Parent Sentenced in College Admissions Case
For Immediate Release
U.S. Attorney's Office, District of Massachusetts
Defendant paid bribes for two of her children to gain admission to college
BOSTON – A California woman was sentenced today in federal court in Boston for paying $300,000 to participate the college entrance exam cheating scheme and athletic recruitment scheme for her children.
Michelle Janavs, 49, of Newport Coast, Calif., was sentenced by U.S. District Court Judge Nathaniel M. Gorton to five months in prison, two years of supervised release, and ordered to pay a $250,000 fine.
The government recommended a sentence of 21 months in prison, three years of supervised release, 250 hours of community service and a fine of $175,000. In October 2019, Janavs pleaded guilty to one count of conspiracy to commit mail and wire fraud and honest services mail and wire fraud and one count of conspiracy to commit money laundering.
Beginning in 2017, Janavs conspired with Rick Singer and others to secure her children’s admission to selective colleges and universities through bribery and fraud.
On Oct. 28, 2017, Janavs’s older daughter took the ACT exam at a test center in West Hollywood that Singer “controlled” through a corrupt test administrator, Igor Dvorskiy. Singer’s corrupt “proctor,” Mark Riddell, reviewed and corrected the daughter’s answers. In November 2017, Janavs sent a $50,000 check to Singer’s sham charitable organization, Key Worldwide Foundation (KWF), to pay for the fraud. Singer, in turn, passed a portion of the money to Riddell and Dvorskiy.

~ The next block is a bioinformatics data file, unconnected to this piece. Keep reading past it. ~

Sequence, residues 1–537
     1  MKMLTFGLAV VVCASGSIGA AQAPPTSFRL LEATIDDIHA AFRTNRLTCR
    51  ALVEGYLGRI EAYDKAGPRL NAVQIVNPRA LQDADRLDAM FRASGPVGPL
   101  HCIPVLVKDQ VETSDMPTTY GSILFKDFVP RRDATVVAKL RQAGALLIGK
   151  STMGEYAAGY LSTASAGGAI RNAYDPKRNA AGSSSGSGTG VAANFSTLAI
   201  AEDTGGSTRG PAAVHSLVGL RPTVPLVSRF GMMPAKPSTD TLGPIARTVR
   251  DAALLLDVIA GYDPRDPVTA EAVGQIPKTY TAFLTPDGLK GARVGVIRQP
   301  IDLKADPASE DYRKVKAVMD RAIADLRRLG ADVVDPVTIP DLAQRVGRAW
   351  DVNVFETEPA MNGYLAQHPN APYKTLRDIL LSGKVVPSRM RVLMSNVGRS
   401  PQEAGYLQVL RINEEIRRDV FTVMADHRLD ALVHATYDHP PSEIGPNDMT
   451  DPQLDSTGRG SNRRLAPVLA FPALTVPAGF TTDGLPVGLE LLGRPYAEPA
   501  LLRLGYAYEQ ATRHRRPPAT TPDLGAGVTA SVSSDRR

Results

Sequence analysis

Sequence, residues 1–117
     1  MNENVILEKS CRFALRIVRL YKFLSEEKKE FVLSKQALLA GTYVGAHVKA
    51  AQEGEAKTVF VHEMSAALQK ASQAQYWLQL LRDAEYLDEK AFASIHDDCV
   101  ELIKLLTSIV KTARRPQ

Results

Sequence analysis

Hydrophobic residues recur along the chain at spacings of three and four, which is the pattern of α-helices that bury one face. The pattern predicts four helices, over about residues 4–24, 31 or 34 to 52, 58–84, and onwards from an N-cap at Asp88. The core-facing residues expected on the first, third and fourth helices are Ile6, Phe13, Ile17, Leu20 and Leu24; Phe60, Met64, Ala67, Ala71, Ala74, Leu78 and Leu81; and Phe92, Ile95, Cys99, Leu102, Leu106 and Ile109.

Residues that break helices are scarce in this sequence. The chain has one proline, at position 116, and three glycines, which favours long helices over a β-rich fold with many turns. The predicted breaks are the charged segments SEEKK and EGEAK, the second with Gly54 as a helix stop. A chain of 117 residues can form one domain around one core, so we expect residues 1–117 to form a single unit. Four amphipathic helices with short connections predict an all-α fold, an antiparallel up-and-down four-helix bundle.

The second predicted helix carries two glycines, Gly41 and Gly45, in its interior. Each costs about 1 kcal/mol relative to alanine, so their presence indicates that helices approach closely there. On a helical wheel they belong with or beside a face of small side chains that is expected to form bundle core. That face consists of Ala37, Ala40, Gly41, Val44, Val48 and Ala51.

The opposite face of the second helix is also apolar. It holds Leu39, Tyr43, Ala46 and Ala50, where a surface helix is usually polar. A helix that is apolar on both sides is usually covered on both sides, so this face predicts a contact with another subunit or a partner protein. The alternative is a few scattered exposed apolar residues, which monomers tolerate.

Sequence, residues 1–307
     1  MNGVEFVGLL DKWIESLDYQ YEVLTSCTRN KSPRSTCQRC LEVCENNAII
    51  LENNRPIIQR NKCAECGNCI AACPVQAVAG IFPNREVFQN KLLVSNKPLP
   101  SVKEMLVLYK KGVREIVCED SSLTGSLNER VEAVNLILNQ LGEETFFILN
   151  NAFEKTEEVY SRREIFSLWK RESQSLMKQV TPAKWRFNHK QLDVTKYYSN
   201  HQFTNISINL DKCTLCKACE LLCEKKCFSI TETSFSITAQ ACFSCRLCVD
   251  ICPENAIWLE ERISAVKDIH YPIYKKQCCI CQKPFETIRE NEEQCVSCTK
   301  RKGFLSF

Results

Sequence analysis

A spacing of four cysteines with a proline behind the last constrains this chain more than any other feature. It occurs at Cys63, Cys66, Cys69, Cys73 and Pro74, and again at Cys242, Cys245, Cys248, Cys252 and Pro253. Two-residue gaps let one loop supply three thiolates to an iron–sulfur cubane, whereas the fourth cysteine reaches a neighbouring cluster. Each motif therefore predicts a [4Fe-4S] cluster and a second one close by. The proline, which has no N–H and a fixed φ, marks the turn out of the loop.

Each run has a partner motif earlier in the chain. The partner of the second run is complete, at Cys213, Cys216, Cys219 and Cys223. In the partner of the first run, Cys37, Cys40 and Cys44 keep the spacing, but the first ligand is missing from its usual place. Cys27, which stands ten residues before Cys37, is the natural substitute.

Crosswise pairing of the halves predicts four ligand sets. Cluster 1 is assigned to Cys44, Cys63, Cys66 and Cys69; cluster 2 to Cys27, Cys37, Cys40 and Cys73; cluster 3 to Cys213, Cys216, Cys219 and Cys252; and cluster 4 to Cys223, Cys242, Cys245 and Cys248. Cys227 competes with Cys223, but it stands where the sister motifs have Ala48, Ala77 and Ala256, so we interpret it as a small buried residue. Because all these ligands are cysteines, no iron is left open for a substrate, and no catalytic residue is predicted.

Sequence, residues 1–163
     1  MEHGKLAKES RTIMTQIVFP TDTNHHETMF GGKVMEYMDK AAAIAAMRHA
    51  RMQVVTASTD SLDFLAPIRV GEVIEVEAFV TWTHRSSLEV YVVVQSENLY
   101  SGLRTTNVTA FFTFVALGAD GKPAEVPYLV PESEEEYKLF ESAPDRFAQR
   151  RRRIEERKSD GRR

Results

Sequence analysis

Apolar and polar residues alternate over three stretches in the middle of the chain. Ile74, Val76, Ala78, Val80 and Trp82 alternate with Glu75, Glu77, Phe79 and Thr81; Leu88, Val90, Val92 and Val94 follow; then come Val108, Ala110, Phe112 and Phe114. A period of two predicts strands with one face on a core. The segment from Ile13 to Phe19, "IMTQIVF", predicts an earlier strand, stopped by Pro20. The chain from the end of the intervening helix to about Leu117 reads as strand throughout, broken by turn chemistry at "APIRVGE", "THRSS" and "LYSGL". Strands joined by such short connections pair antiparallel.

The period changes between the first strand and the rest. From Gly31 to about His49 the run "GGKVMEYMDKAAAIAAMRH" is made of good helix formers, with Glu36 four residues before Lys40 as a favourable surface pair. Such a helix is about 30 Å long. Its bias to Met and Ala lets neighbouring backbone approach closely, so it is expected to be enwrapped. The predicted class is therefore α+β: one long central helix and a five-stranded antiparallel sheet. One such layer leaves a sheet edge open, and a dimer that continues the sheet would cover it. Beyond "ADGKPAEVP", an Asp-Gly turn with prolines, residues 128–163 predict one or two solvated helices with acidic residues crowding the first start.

In February 2019, Janavs’s younger daughter took the ACT at the West Hollywood Test Center, and Riddell corrected her answers. Later that month, Janavs wired $25,000 to KWF and mailed a $25,000 check to KWF. Singer, in turn, passed bribes to Riddell and Dvorskiy.
Riddell and Dvorskiy have pleaded guilty and are awaiting sentencing.
Beginning in 2018, Janavs agreed with Singer to pay $200,000 to facilitate her older daughter’s admission to the University of Southern California (USC) as a purported volleyball recruit. In August 2018, Janavs emailed Singer photos of her daughter playing volleyball so that Singer could create a fake athletic “profile.” In October 2018, a USC athletics administrator, Donna Heinel, secured approval to admit Janavs’s daughter from the USC subcommittee for athletic admissions based on the falsified athletic credentials. Later that month, Janavs mailed Heinel a $50,000 check drawn from her family’s charitable foundation account and made payable to USC Women’s Volleyball, the account designated by Heinel. Janavs was arrested before her older daughter received her formal admission to USC and, accordingly, did not pay the remaining $150,000 of the initially agreed upon amount.
Case information, including the status of each defendant, charging documents and plea agreements are available here: https://www.justice.gov/usao-ma/investigations-college-admissions-and-testing-bribery-scheme.
United States Attorney Andrew E. Lelling; Joseph R. Bonavolonta, Special Agent in Charge of the Federal Bureau of Investigation, Boston Field Division; and Kristina O’Connell, Special Agent in Charge of the Internal Revenue Service’s Criminal Investigations in Boston, made the announcement today. Assistant U.S. Attorneys Eric S. Rosen, Justin D. O’Connell, Leslie A. Wright and Kristen A. Kearney of Lelling’s Securities and Financial Fraud Unit are prosecuting the cases.
The details contained in the court documents are allegations and the remaining defendants are presumed innocent unless and until proven guilty beyond a reasonable doubt in a court of law.
Updated February 25, 2020